We’ve been hearing the dire predictions for months: managers need to brace themselves for high levels of turnover in a post-lockdown world. News outlets have reported that somewhere between 25 and 40 percent of the workforce may quit as businesses transition to something closer to pre-Covid-19 conditions.
Was it all just bluster? Apparently not. As I was writing this post, The Atlantic reported that in May, a record-breaking 700,000+ white-collar workers left their jobs, according to the U.S. Bureau of Labor Statistics.
The question is, what role can managers play in stemming this costly and disruptive business risk? As employees question their commitments to their current employers, it’s up to you (and me) to become more attuned to each employee’s circumstances and motivational drivers. Can you recognize who’s suffering from ongoing burnout? Do you know who’s at risk of dumping traditional employment and joining the YOLO economy? Can you guess who’s quietly thinking “I’ll quit before I give up remote work?”
How to retain your best employees
As Head of Talent here at Atlassian and a former cultural anthropologist, I study exit interviews as a form of my “field work.” They provide a fascinating window into individual preferences and collective wants and needs. The problem is, of course, that by the time you have an exit interview, it’s too late to stop a good employee from quitting.
My urgent call to action to you at this “tipping point” moment in time is this: don’t wait for the exit interview.
Think about your star players, those folks with a strong track record of performance and who serve as role models for others. How would their departure impact the work, function, and morale of the team?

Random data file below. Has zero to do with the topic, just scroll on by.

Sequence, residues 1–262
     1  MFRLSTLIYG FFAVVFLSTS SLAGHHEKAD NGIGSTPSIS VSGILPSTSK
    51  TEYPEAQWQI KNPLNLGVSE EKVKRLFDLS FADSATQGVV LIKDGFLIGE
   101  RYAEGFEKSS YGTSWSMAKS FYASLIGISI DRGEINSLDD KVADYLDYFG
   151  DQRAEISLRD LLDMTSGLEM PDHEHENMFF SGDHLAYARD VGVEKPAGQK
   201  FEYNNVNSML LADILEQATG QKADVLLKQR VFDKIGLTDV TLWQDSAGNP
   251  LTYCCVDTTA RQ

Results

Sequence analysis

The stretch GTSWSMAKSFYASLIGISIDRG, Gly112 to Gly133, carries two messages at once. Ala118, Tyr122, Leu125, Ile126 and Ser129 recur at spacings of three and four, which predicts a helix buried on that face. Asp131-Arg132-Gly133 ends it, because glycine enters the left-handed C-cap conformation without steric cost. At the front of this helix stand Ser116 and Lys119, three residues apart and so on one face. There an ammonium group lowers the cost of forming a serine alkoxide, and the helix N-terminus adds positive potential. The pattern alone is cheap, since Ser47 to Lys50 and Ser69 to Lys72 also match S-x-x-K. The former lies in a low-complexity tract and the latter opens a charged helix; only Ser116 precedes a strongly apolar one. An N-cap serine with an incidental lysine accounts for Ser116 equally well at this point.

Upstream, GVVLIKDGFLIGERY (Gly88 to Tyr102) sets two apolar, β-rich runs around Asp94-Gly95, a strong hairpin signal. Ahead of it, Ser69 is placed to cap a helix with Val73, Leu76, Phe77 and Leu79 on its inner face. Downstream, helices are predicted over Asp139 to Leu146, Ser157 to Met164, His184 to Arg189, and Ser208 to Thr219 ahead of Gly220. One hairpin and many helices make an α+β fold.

Speaking personally, my department’s goals and objectives would be at risk.
That’s why I’m not going to wait until someone leaves to find out what they enjoyed about their job and what they wanted more of to feel satisfied and engaged. I’m going to have a “stay interview” with each member of my team – and you should, too.
I’ll give you a roadmap for that conversation in a minute. But first, it’s important to have some insight on what drives people to leave their jobs.
What causes employee attrition?
Through my work here and from discussions with my colleagues at other companies, it’s easy to spot some common themes about why people leave. Generally speaking, they want:
- More growth opportunities
- To feel more engaged and excited about their work
- Better work/life balance
- A more inclusive culture
- More attention from their people manager
At Atlassian, we’re starting to address some of these challenges through TEAM Anywhere, our diversity and inclusion strategy, and our efforts to provide career development resources. But these strategic, company-wide efforts might not be enough.
Choosing to quit or stay at a job is an individual decision shaped by one’s personal motivations. That’s where the “stay interview” comes in.
Your stay-interview action plan
Stay interviews are thoughtful discussions you can have with your team members now to learn what keeps them at their jobs and what might make them want to leave. Ask yourself — for each of your team members – do you know:
- What motivates them?
- When they get ready for work each morning, what do they look forward to?
- When was the last time they thought about leaving?